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Titre du document / Document title

Levels and trends of polybrominated diphenylethers and other brominated flame retardants in wildlife

Auteur(s) / Author(s)

LAW Robin J. (1) ; ALAEE Mehran (2) ; ALLCHIN Colin R. (1) ; BOON Jan P. (3) ; LEBEUF Michel (4) ; LEPOM Peter (5) ; STERN Gary A. (6) ;

Affiliation(s) du ou des auteurs / Author(s) Affiliation(s)

(1) Centre for Environment Fisheries and Aquaculture Science, CEFAS Burnham Laboratory, Remembrance Avenue, Burnham on Crouch, Essex CM0 8HA, ROYAUME-UNI
(2) National Water Research Institute, 867 Lakeshore Road, PO. Box 5050, Burlington, Ontario, L7R 4A6, CANADA
(3) Royal Netherlands Institute for Sea Research (NIOZ), PO. Box 59, 1790 AB Den Burg, Texel, PAYS-BAS
(4) Pêches et Océans Canada, Institut Maurice-Lamontagne (IML), 850 route de la Mer, C.P. 1000, Mont-Joli, Quebec, G5H 3Z4, CANADA
(5) Umweltbundesamt, P.O. Box 33 00 22, 14191 Berlin, ALLEMAGNE
(6) Department of Fisheries and Oceans, Freshwater Institute, 501 University Crescent, Winnipeg, Manitoba, R3T 2N6, CANADA

Résumé / Abstract

In this paper, we review the available data for polybrominated diphenylethers (PBDEs) and other flame retardants in wildlife, with the exception of fishes from Europe and North America which are covered in more detail elsewhere. More data are available for PBDEs than for other compounds, and these show that some of these compounds have become widely distributed in the environment, being found in samples from Europe, Australia, Azerbaijan, North America and the Arctic. Most available data relate to birds and their eggs and marine mammals, but the results of two food web studies are also included. The detection of PBDEs in pelagic marine mammals which feed in deep offshore waters, including baleen whales, indicate that these compounds have found their way into deep-water, oceanic food webs as well as the coastal/shallow sea examples described in detail. In the North Sea study, the most marked increase in lipid-normalised concentrations of six BDE congeners occurred during transfer from predatory fish to marine mammals. In the St. Lawrence Estuary study, marked differences in the ratios observed between species suggested that some fish species may be able to metabolise BDE99. A number of time trend studies have also been conducted, notably in guillemot eggs from Sweden (1969-2000), beluga whales from the Canadian Arctic (1982-1997 and 1989-2001) and from the St. Lawrence Estuary (1988-1999), and ringed seals from the Canadian Arctic (1981-2000). In the temperate latitudes, from these and other studies (e.g. in dated sediment cores), PBDE concentrations began to rise earlier than in those from high latitudes, in line with data for production and use. These trends have now slowed in many cases. Declines could be expected in Europe for many congeners following the cessation of manufacture and use of the penta-mix formulation in the EU, though these are not yet apparent in environmental samples. In Arctic biota, however, the rapidly rising concentrations seen currently in Canada could be expected to continue for some time, reflecting continued production and use of the penta-mix formulation in North America (>95% of the world total) and the impact of long-range atmospheric transport.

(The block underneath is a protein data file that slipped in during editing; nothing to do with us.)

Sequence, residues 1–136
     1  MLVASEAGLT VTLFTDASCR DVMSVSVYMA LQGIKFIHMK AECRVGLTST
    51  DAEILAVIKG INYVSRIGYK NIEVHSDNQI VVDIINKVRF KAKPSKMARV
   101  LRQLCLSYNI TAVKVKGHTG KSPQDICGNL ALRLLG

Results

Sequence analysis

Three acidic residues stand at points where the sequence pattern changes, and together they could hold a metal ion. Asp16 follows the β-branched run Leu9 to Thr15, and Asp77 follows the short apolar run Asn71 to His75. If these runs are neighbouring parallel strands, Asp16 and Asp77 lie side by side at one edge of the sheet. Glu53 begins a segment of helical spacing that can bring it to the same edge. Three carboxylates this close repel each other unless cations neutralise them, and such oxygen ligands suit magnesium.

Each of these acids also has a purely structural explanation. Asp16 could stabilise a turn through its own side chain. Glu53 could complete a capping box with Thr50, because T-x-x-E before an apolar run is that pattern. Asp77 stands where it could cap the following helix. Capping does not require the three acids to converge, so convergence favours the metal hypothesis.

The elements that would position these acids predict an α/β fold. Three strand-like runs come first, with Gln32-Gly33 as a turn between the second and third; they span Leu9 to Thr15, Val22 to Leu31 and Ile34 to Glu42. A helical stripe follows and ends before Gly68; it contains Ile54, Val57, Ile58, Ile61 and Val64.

Revue / Journal Title

Environment international    ISSN  0160-4120   CODEN ENVIDV 

Source / Source

2003, vol. 29, no 6 (224 p.)  [Document : 14 p.] (1 p.3/4), pp. 757-770 [14 page(s) (article)]

Langue / Language

Anglais

Editeur / Publisher

Elsevier, Oxford, ROYAUME-UNI  (1978) (Revue)

Mots-clés anglais / English Keywords

Biocenosis

;

Temporal study

;

Environment

;

Pollutant

;

Wild animal

;

Wild life

;

Fauna

;

Toxicity

;

Flame retardant

;

Bromine Organic compounds

;

Mots-clés français / French Keywords

Diphényle éther(polybromo)

;

Phényle éther(polybromo)

;

Biocénose

;

Etude temporelle

;

Environnement

;

Polluant

;

Animal sauvage

;

Vie sauvage

;

Faune

;

Toxicité

;

Retardateur flamme

;

Brome Composé organique

;

Mots-clés espagnols / Spanish Keywords

Biocenosis

;

Estudio temporal

;

Medio ambiente

;

Contaminante

;

Animal salvaje

;

Vida salvaje

;

Fauna

;

Toxicidad

;

Retardador llama

;

Bromo Compuesto orgánico

;

Localisation / Location

INIST-CNRS, Cote INIST : 17812, 35400011134211.0090

Nº notice refdoc (ud4) : 14985893



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